That must have been an interesting experience for you to have such a youthful energy on set with your co-stars. Then you bring in someone like Eric Dane, who we've all seen on television for years now. What was that dynamic like?

It was cool. I've worked with everybody from Denzel [Washington] to Sir Ben Kingsley. I really look at this thing as a sport, so it's another elite athlete coming to play. That makes it always fun. That makes the job easier, when you have another professional that has a résumé that speaks for itself, [who] comes in and brings his professionalism and his talent on-screen. You get to bounce off of that. 

I get excited. Those are the days you circle on the calendar. Those are the ones I get to go perform, or I get to go share the screen with this individual. Let me make sure I bring it. That's the energy that I like to have when I'm starring opposite anybody.

Allen has had an 'educational' career amid some of the greats

As you mentioned, you've worked with some of the greats. Tracy Morgan, Denzel Washington, Tiffany Haddish, Anthony Anderson — these are huge people. What's it been like to work with them? Did they give you any advice in your earlier years that has helped you get to this point?

It's educational being able to watch them on-camera [and] off-camera, to become friends, [and] to learn and witness how they do business, how they handle obstacles, how they handle opposition, how they handle the good times [and] the bad. As an actor, as an entertainer, you're a part of a culture — not just a profession — where there's certain things that we have to deal with that others don't. 

That's the education that you'll find, especially coming from someone ... I came from a single mother, rough neighborhood, not having a lot, and [now I'm] in positions where you do have a lot. Now, how do you manage all of that? Working with all these people and legends and icons, I've taken more than just the craft of acting — [it's] also being able to maneuver and be a part of this culture of entertainers that we have that are very successful. That's what I've learned the most.

Have you had any fun interactions or behind-the-scenes stories that have stood out to you?

Oh, man. Listen, I've been a fly on the wall for so many incredible moments and some of your most talked about and famous entertainers and actors ... Somehow I was there when this happened. You could name any random moment in Hollywood, and I was like, "Oh, I was in the back for that." I'm like, "Oh my God, I was there." I got a bunch of those.

Allen recalls an on-set story Tracee Ellis Ross shared with him

People know you a lot from "Black-ish," so what was it like working on that show? That's a huge, amazing cast.

The best story I can give you from "Black-ish" is a moment we were all sitting around between takes. I don't know how we got on [the topic] — maybe it was a Christmas episode or holiday episode — we began to talk about our Christmases. I finished telling my Charlie Brown Christmas, and then Tracee [Ellis Ross] begins to talk about her Christmas and how Michael Jackson woke her up out of bed, and then she goes downstairs and Stevie Wonder's singing, playing the piano. We were all [mind-blown] because this is regular life to her. 

We all sat in awe like, "Wow." Like, "What? For real, that was your Christmas? Damn." My Christmas tree was sad. "You had carolers in the living room? What?" I didn't have a living room — no, I'm kidding. But it was fascinating how true to life [it was] and how that wasn't her trying to flex. That was just her telling her story as we were. That was beautiful, and also hilarious and profound to me, and one of my most memorable moments.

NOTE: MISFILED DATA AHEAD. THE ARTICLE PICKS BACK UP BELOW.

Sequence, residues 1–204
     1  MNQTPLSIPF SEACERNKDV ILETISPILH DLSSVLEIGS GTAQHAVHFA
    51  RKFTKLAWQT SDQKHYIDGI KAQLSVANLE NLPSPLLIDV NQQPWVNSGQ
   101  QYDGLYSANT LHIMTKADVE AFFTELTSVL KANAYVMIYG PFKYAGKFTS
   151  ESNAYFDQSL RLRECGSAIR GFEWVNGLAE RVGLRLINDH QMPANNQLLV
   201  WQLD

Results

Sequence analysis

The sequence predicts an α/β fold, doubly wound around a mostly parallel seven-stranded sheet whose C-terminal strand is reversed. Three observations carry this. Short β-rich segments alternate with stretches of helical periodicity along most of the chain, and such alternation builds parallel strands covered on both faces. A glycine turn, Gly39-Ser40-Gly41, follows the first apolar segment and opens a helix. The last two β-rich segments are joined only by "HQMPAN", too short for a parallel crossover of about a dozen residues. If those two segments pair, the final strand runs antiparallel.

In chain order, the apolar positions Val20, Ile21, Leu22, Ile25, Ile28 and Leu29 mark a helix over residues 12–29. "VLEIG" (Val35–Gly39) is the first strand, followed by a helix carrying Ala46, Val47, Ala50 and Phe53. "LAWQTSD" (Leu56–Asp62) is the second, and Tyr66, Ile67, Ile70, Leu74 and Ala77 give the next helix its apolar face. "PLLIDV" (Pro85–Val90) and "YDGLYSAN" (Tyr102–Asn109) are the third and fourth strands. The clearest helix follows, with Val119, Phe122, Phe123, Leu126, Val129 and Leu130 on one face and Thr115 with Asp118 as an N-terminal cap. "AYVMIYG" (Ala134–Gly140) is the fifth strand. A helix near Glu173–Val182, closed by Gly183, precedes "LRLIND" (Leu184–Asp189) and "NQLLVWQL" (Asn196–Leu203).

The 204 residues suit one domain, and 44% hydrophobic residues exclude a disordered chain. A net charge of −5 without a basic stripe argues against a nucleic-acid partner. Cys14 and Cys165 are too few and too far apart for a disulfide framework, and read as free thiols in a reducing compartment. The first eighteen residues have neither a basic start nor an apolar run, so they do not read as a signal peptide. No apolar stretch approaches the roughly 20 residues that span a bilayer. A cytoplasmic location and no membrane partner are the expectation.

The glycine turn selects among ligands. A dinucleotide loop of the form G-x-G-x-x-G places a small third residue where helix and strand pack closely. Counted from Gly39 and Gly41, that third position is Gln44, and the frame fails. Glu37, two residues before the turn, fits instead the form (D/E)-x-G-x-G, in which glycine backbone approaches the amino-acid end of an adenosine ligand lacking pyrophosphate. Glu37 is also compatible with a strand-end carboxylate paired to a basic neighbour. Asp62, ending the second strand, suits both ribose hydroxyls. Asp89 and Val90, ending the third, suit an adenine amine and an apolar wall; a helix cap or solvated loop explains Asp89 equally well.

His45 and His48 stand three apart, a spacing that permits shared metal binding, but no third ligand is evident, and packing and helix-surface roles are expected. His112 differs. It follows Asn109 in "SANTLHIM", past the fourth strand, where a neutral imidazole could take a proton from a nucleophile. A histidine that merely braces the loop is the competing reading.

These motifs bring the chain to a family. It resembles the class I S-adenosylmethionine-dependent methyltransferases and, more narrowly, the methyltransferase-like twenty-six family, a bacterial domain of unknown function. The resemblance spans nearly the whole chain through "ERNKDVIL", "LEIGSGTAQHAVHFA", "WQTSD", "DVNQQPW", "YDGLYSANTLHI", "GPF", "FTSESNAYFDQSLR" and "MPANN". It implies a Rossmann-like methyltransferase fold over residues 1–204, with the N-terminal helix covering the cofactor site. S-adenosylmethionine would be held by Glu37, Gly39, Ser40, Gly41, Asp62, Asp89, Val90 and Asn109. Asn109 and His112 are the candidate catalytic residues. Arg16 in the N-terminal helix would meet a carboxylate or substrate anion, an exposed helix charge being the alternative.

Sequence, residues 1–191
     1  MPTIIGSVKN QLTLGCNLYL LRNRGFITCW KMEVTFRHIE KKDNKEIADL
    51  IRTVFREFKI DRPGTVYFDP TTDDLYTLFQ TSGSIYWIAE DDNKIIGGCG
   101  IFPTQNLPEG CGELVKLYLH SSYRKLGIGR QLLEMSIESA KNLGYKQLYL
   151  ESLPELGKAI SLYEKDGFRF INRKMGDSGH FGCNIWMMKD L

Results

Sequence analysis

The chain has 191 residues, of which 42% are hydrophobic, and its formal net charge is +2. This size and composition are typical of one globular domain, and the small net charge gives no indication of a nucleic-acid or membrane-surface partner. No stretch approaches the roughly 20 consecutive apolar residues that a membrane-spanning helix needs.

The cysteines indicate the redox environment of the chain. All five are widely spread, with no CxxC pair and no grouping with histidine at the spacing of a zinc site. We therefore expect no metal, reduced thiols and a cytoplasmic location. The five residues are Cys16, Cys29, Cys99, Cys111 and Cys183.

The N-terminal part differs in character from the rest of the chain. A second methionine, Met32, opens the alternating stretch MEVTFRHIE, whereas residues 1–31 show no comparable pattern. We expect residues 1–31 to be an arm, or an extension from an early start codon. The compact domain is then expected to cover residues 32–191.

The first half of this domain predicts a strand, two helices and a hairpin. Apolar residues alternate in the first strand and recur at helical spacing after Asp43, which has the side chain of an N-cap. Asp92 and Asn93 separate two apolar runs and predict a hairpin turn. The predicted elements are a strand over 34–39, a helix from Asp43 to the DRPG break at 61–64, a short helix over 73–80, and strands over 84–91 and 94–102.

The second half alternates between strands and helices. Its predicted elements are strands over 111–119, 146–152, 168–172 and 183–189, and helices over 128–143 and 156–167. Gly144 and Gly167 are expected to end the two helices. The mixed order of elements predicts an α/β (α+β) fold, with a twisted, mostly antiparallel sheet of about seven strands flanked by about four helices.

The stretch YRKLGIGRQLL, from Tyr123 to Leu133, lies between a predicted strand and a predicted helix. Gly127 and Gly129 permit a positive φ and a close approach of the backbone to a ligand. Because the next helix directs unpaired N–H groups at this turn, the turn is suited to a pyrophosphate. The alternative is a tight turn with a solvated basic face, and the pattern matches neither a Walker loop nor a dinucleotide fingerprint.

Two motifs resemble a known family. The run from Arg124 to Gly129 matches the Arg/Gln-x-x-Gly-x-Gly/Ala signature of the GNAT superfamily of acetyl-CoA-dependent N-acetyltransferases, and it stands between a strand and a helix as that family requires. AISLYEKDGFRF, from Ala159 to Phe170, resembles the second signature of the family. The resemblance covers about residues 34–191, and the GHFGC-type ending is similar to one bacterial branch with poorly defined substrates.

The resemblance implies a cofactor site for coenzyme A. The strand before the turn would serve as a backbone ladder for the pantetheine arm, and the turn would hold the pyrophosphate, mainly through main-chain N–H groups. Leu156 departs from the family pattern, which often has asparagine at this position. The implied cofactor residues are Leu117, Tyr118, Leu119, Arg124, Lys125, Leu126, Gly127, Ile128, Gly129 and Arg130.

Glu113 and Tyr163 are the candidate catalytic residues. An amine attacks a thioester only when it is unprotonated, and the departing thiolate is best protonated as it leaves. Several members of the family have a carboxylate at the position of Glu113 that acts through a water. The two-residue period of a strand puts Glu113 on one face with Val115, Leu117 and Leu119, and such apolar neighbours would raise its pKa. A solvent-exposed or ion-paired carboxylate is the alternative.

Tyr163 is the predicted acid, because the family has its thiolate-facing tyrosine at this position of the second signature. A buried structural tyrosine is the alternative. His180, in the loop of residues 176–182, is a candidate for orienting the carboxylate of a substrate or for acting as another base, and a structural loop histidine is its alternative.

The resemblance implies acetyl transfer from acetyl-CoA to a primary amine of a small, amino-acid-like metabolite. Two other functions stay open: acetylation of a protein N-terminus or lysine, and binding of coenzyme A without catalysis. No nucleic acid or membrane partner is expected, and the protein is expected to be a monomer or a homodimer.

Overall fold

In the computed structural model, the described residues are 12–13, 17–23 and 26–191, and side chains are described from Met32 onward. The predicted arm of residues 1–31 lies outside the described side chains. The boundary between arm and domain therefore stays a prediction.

American Carnage challenged Allen's comedic skills

We've known you from "Black-ish" and "The Last O.G." and largely comedic projects ... Circling back to "American Carnage," what was it about this particular project that challenged you and has expanded your acting repertoire?

As I mentioned earlier, the role itself wasn't the challenge, but the execution of it, being that the crew spoke only Spanish. I'm a performer, and I'll be the first one to tell you I attack every take like it's my last. It's a live performance for me.

I'm performing for the crew that is there. That is my first immediate sign if it's funny or not. That's the best tell, especially when you have people that have been staring at you all day. If I could still get these people to laugh ... Now the challenge is that instant gratification, [and] they don't even speak English. They don't even know what I'm talking about, so I got to be funny on a whole new level, on a whole new frequency that surpassed language and has to have the energy of funny. That is what I learned and mastered in this particular character. To have an entire crew that doesn't speak [the same language] laughing at a joke, it's incredible.

How will Allen celebrate the release of American Carnage?

The film drops on Friday — how are you going to celebrate?

I'm going to have a little private screening at the house. I'll have friends and family over to watch it. I've just finished shooting Season 2 of "Heels," so it feels good to get a little break and relax a little bit. That'd definitely be the agenda for Friday, and I hope everybody else goes out and enjoys it. [As] a matter of fact, it's in theaters as well, so I'm probably going to buy a bunch of tickets for that weekend and get it popping.

It's so nice to be able to go to the movie theaters. It's such a great experience.

I sort of forget that — I'm saying it now, like, "Oh, yeah, we can go to the theaters."

Yes. Knock on wood, right?

Yeah. I'll be at the theaters this weekend.

"American Carnage" is in now playing in select theaters and available for rental and purchase digitally and on demand.

This interview was edited for clarity.